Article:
evaluation for genetically modified microbial inoculants
Soil microbes may be modified genetically for agricultural applications
by traditional methods or using new recombinant DNA technology. In either
case, little is known about the survival, persistence and dispersal in
soil of genetically modified microbes. It is also unclear how such microbes
are likely to be affected by environmental and agronomic factors. Monitoring
the fate of microbes released into an open soil environment may be difficult,
particularly if the microbe concerned establishes a low-density population.
However, such monitoring is essential for risk assessment and environmental
impact analysis, as required by European Directive EC/220/90.
Approach and methodology
Tools were developed for the identification and characterisation of rhizobial
inoculants. The fate of genetically modified rhizobia was studied during
inoculant manufacture and storage and in the field, to identify factors
affecting the survival of the inoculant. Attempts were also made to develop
and to evaluate intrinsically biosafe soil microbial inoculants.
Main findings and outcome
Reporter gene systems showed that the genetically modified organisms behaved
similarly to the unmodified parental strain in test systems. However,
population dynamics depended on the intrinsic stability of the construct
used. Field experiments showed no correlation between the physicochemical
properties of the soil and survival but did reveal that changes in the
water table affected the survival of the introduced microbes during the
first twelve months, whether or not the host plant was present. PCR techniques
were used to check for changes in the strain after inoculation. In general,
it was possible to show that the strains isolated were derived from the
strain inoculated. However, in one case, the available information concerning
the inoculant was found to be incorrect as the strain isolated was completely
different from that expected. At another site, two populations had developed
from the original strain. A vector system, the thy vector system,
was developed and tested under field conditions. This system decreased
nodulation efficiency but not symbiotic efficiency and was found to result
in the stable maintenance of the genetic trait in field conditions.
New systems were developed for the transformation of rhizobial microbes,
making it possible to transform microbes without the use of antibiotic
resistance cassettes, thereby reducing the risk of transfer of these cassettes
to other organisms, and providing opportunities for the containment of
genetically modified microbes. Methods were also developed for monitoring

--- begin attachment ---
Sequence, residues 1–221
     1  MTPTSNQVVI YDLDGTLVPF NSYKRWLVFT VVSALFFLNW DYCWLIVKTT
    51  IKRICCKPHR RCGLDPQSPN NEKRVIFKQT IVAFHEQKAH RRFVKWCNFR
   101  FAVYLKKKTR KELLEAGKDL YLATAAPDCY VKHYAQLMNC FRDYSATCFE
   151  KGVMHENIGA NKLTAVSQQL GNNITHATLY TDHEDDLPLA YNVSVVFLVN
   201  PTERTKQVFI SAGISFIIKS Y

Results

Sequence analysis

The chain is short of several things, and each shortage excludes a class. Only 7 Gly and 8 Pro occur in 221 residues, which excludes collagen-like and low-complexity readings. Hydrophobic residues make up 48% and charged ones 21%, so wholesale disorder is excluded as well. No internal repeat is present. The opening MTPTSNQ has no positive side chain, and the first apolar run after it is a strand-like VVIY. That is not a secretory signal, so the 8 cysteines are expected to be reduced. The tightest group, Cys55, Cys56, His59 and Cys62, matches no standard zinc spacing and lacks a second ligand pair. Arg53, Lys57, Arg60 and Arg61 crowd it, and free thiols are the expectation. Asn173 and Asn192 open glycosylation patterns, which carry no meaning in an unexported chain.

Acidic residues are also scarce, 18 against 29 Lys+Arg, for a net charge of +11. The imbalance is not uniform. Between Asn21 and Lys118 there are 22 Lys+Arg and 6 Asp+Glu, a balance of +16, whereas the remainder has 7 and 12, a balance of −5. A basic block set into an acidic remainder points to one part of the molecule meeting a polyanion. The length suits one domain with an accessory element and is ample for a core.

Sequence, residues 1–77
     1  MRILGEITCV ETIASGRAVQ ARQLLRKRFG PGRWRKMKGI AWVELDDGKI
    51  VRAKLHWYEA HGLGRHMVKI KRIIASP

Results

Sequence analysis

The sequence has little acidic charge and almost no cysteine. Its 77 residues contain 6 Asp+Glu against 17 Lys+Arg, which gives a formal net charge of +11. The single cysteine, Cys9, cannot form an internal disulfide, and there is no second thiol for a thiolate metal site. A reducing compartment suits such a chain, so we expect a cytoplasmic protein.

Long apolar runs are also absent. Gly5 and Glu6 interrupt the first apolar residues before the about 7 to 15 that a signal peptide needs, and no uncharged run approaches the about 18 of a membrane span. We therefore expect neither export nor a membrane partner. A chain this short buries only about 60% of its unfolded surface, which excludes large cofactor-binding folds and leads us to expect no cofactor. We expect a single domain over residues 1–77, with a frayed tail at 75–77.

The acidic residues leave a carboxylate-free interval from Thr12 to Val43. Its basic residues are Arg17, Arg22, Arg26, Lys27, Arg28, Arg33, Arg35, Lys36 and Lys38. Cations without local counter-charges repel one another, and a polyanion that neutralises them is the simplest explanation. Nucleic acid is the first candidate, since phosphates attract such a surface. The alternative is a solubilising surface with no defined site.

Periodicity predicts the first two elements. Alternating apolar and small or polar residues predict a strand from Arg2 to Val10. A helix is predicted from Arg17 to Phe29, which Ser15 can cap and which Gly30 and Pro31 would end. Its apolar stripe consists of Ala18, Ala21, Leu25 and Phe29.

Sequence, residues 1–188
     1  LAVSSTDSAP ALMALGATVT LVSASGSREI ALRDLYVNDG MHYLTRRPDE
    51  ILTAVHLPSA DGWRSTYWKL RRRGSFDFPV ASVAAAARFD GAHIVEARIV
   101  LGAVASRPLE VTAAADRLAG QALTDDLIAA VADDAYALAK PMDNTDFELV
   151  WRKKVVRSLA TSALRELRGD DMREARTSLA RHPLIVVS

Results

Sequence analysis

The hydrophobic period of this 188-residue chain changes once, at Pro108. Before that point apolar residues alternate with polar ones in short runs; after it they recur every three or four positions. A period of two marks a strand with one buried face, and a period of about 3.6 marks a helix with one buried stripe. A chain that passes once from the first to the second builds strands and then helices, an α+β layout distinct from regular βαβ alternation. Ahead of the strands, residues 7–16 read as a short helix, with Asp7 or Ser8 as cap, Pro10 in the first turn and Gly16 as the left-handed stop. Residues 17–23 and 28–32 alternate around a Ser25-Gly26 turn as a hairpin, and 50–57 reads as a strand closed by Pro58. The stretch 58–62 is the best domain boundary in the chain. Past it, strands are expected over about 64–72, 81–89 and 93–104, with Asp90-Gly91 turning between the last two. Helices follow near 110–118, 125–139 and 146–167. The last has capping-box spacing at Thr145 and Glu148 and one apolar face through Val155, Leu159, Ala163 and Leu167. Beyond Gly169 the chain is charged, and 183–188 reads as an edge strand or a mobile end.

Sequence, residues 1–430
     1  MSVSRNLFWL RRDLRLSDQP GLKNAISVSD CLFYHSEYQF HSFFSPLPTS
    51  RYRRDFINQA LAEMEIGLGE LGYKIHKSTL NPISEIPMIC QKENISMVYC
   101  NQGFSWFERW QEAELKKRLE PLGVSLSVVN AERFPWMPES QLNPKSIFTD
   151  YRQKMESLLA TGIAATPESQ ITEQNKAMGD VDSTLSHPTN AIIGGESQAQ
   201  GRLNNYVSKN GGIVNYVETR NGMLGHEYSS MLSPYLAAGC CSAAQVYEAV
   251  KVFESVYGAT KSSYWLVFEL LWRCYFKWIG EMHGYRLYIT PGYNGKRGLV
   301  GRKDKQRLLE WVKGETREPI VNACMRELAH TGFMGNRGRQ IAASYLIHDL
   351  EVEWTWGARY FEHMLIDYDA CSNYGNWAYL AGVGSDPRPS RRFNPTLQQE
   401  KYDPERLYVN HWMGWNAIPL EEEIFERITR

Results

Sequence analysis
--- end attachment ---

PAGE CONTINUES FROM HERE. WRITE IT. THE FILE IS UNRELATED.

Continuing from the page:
genetic changes in the population. The only factor found to affect the
survival of genetically modified microbes in the field was the height
of the water table.
Corich V., Bosco F., Giacomini A., Basaglia M., Squartini A., Nuti
M.P., Fate of genetically modified Rhizobium leguminosarum
biovar viciae during prolonged storage of commercial inoculants.
Journal of Applied Bacteriology, 81, 1996, pp. 319-328.
Kay H.E., Coutinho H.L.C., Fattori M., Manfio G.P., Goodacre R.,
Nuti M.P., Basaglia M., Beringer J.E., The identification
of Bradyrhizobium japonicum strains isolated from Italian
Microbiology, 140, 1994, pp. 2333-2339.
Giacomini A., Ollero F.J., Squartini A., Nuti M.P., Construction
of multipurpose gene cartridges based on a novel synthetic promoter
for high-level gene expression in Gram-negative bacteria.
Gene, 144, 1994, pp. 17-24.
Nuti M.P., Basaglia M., Bonfante P., Casella S., Corich V., Dal
Maistro L., Giacomini A., Martini I., Peruch U., Poggiolini S.,
Squartini A., Vian P., Field release of genetically modified
biofertilizers and phitostimulators, in The Biosafety Results
of Field Tests of Genetically Modified Plants and Micro-organisms,
S. Matsui, S. Miyazaki, K. Kasamo (eds.), Japan Int. Res. Center
for Agricultural Sciences (JIRCAS Publ.), 1997, pp. 101-111.
Struffi P., Corich V., Giacomini A., Benguedouar A., Squartini A.,
Casella S., Nuti M.P., Metabolic properties, stress tolerance
and macromolecular profiles of rhizobia nodulating Hedysarum
J. Applied Microbiology, 84, 1998, pp. 81-89.
Corich V., Giacomini A., Vendramin E., Vian P., Carlot M., Squartini
A., Nuti M.P., The field release and Monitoring of Rhizobial
Strains Marked with lacz and Mercury Resistance Genes, in
Tracking Genetically Engineered Micro-organisms, J.K. Jansson,
J.D. Van Elsas, M.J. Bailey (eds.), Landes Biosciences Texas Publ.,
2000, pp. 139-144.
October 1991 September 1993
Università di Pisa (IT)
University College Cork (IE)
University of Bristol (UK)